Found in Translation
September 5, 2013 8:40 PM Subscribe
posted by whyareyouatriangle (43 comments total)
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Though it is common to lament the shortcomings of reading an important work in any language other than the original and of the “impossibility” of translation, I am convinced that works of philosophy (or literature for that matter — are they different?) in fact gain far more than they lose in translation
At various points in history, one language or another — Latin, Persian, Arabic — was the lingua franca of philosophical thinking. Now it is English. And for all we know it might again turn around and become Chinese.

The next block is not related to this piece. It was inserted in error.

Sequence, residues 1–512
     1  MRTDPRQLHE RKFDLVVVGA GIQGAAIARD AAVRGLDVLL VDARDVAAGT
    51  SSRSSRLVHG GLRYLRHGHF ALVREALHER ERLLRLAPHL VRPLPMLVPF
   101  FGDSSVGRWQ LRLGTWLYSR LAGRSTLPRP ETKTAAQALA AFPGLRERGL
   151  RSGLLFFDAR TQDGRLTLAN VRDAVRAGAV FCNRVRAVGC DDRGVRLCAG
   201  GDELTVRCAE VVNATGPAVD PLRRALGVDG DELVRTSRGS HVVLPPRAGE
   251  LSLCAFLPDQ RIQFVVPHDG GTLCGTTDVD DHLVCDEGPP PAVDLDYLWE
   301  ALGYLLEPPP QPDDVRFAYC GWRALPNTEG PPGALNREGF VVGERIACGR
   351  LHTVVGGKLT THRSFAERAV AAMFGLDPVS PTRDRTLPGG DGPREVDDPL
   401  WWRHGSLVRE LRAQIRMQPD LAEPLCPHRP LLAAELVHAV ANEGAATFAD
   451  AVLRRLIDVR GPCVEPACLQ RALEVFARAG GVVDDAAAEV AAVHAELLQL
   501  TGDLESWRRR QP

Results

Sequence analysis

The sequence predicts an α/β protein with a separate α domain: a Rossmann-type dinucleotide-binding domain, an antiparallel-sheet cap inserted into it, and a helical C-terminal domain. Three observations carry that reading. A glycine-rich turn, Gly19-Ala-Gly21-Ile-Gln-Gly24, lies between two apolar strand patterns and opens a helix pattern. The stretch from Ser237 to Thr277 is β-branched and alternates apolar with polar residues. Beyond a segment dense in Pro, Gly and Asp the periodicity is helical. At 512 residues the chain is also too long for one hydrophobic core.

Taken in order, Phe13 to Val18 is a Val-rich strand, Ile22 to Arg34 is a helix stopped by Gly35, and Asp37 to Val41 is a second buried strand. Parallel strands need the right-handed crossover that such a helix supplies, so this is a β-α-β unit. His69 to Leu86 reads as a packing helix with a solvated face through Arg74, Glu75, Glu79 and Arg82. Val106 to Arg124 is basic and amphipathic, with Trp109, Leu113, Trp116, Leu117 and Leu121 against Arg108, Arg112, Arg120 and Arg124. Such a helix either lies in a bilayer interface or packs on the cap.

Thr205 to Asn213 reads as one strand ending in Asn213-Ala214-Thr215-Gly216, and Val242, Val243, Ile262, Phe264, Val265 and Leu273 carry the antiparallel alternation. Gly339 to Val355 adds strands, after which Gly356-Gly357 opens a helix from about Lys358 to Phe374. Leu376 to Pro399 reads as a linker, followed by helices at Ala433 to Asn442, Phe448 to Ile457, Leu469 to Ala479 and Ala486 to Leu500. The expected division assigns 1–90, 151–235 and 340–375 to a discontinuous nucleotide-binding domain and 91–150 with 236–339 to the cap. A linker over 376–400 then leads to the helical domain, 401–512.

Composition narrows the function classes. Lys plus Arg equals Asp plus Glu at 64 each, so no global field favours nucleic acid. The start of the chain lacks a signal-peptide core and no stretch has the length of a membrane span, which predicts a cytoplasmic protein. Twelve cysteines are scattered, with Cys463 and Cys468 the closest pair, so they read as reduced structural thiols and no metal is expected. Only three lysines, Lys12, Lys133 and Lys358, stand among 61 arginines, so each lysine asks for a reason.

Works of philosophy — and their readers — gain in translation not just because their authors begin to breathe in a new language but because the text signals a world alien to its initial composition. Above all they gain because these authors and their texts have to face a new audience. Plato and Aristotle have had a life in Arabic and Persian entirely alien to the colonial codification of “Western philosophy” — and the only effective way to make the foreign echoes of that idea familiar is to make the familiar tropes of “Western philosophy” foreign.